When Windows 8 launched, Microsoft wanted to encourage people to upgrade early so they offered a great incentive to existing Windows XP, Windows Vista, and Windows 7 users. As a result, an upgrade that would normally cost $200, costs $40 (or if you bought a Windows 7 PC on or after June 2, 2012, you can get it for $15 here).
They can go to this website and download the Windows 8 Upgrade Assistant which examines your PC for compatibility, gives you a list of hardware and applications that may have compatibility issues (for most machines I’ve seen the fixes have involved re-installing the software after the upgrade) and it gives you a list that you can save.
The upgrade preserves your files, but you may need to re-install desktop applications like Office, Photoshop, etc.
The 2GB installer download took about 4 hours on a relative’s low-end RoadRunner Lite connection (1 Mbit/s), so factor available broadband speeds into your upgrade plans.
Here’s what I recommend:
- In case anything goes really wrong, always backup your files before an operating system upgrade.
- To be extra sure, I recommend downloading the SkyDrive desktop app here and transferring any files you’d like to back-up on the cloud. SkyDrive offers 7GB of storage. Other offerings from competitors offer 5GB if you prefer using them.
- Install the Windows 8 Pro upgrade via the official Upgrade to Windows 8 website.
- Protect your user files with the new File History feature of Windows 8.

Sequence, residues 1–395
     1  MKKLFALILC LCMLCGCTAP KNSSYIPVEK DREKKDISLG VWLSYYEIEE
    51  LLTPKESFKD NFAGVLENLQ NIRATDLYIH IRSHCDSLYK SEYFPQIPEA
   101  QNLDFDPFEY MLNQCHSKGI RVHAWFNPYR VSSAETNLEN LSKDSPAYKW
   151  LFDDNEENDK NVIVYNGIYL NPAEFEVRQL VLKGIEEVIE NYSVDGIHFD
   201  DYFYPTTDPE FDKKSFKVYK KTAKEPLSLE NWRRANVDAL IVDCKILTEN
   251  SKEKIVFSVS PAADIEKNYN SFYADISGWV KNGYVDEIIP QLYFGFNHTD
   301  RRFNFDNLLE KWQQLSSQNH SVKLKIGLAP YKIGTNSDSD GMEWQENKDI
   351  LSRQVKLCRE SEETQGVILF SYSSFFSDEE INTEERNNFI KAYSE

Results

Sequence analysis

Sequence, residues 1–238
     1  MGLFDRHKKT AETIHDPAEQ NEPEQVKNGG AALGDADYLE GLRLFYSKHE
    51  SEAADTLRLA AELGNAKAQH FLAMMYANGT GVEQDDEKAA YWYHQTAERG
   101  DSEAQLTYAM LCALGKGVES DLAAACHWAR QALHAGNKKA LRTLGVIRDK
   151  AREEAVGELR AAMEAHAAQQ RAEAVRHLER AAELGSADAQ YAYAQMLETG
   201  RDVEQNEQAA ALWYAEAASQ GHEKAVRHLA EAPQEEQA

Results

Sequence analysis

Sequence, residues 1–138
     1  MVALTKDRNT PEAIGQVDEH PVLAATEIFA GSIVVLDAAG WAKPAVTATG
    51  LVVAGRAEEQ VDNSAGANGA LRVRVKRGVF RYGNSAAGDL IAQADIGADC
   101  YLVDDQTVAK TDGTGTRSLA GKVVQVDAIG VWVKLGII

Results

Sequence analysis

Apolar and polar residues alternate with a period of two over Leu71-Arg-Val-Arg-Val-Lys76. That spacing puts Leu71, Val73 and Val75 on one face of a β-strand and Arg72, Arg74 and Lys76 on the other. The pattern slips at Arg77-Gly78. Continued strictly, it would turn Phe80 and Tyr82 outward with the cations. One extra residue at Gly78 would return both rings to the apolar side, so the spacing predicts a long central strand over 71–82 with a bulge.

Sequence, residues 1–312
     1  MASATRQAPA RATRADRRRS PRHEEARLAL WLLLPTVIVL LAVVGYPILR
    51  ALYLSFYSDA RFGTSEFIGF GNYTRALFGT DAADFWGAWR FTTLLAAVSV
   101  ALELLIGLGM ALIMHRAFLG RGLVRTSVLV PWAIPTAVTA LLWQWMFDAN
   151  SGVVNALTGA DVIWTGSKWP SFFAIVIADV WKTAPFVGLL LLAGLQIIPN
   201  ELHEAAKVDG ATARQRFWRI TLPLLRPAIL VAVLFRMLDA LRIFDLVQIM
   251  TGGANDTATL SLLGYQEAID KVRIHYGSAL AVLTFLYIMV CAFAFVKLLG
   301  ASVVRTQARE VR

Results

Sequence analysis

- Add Windows Media Center to Windows 8 Pro – this is a limited time offer that also expires on Thursday.
- After the Windows Store app tile has time to update (it should show 15 or so updates for built-in apps) click on it and in the upper-right-hand corner click the update link, then at the bottom of the page click to install all of them.
- Finally, Microsoft is migrating Windows Live Messenger users to Skype and shutting down the old Windows Live Messenger service on March 15th, 2013. I recommend downloading the Skype app from the Windows Store, and also the Skype desktop app. When you sign-in on the desktop app you’ll be given the chance to link your Microsoft accounts, and even connect so you can IM all of your friends on Facebook. This explains what happens when you merge your Skype and Microsoft accounts. I recommend it because for most people it helps simplify by getting all of their IM contacts in one well-organized place.
Remember, you can always get back to the old Windows 7 look and feel by holding-down the start button on your keyboard (the Windows flag logo) and pressing the letter “d” key at the same time.
I hope this helped. With this you should be able to save about $160 per PC – but only if you act before 1/31/2013.
Update: c|net posted a list of links to related articles. I’m including them here in case anyone would like to do some further reading: